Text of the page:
Three members of the Senate Banking, Housing, and Urban Affairs Committee want the Securities and Exchange Commission to investigate whether Unilever, parent company of Ben & Jerry’s, knowingly deceived investors about the ice cream maker’s Israel boycott.
Republican Senators Thom Tillis (North Carolina), Tim Scott (South Carolina, pictured above), and John Kennedy (Louisiana) wrote to SEC Chairman Gary Gensler last month, urging him to look into claims by Unilever that its subsidiary would still do business in Israel, despite its decision to boycott the so-called “Occupied Palestinian Territory.”
From a report by Fox Business:
“There is strong reason to believe that these July 19 statements were knowingly and recklessly false,” the GOP senators wrote, referencing an Israeli law that prohibits targeted boycotts based on location.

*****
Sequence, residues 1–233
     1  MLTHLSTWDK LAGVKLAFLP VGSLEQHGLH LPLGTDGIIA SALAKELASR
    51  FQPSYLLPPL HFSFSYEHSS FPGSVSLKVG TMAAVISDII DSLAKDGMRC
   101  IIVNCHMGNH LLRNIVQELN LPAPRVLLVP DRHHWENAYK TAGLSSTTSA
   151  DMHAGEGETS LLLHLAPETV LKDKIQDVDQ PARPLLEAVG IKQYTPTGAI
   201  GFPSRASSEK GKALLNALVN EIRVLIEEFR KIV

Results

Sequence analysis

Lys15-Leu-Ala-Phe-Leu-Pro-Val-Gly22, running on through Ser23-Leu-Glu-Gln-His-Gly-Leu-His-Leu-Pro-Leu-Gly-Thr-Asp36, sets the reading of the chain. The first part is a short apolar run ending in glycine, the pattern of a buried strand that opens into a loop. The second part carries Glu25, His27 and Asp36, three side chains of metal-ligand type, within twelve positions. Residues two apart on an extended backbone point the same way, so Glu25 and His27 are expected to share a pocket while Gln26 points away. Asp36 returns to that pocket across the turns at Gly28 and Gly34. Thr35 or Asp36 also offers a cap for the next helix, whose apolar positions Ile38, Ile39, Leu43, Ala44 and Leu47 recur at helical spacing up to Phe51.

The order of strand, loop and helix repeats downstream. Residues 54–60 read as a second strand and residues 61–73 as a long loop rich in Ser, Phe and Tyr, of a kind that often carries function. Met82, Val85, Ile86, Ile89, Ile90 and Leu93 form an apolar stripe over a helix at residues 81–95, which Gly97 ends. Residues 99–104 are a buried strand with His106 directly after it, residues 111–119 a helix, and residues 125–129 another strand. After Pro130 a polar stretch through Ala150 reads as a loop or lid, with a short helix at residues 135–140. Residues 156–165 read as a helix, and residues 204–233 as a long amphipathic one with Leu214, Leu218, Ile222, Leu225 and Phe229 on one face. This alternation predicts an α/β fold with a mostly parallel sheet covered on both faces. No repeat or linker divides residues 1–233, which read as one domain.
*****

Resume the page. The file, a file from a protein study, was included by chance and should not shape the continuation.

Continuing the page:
“Effectively, that means Ben & Jerry’s can stay and sell in all of Israel, including the OPT referenced in the firm’s July 19 statement, or it can leave Israel entirely,” the lawmakers wrote. “But it cannot remain in the country in the way it publicly said it would: partially-in, partially-out.”
The senators alleged that Ben & Jerry’s knew the proposal to move sales from the West Bank and Gaza Strip were a violation of Israeli laws…
“It is a reasonable assumption that these statements were orchestrated by Unilever and its wholly-owned subsidiary, Ben & Jerry’s, to deceive shareholders…,” the senators argued in their letter.
The letter claims that Unilever and its wholly owned subsidiary, Ben & Jerry’s, have violated SEC Rule 10b-5(b) which says it is unlawful “to make any untrue statement of a material fact or to omit to state a material fact necessary, in the light of circumstances under which they were made.”
A bipartisan group of members of the House of Representatives made a similar request of the SEC in November.
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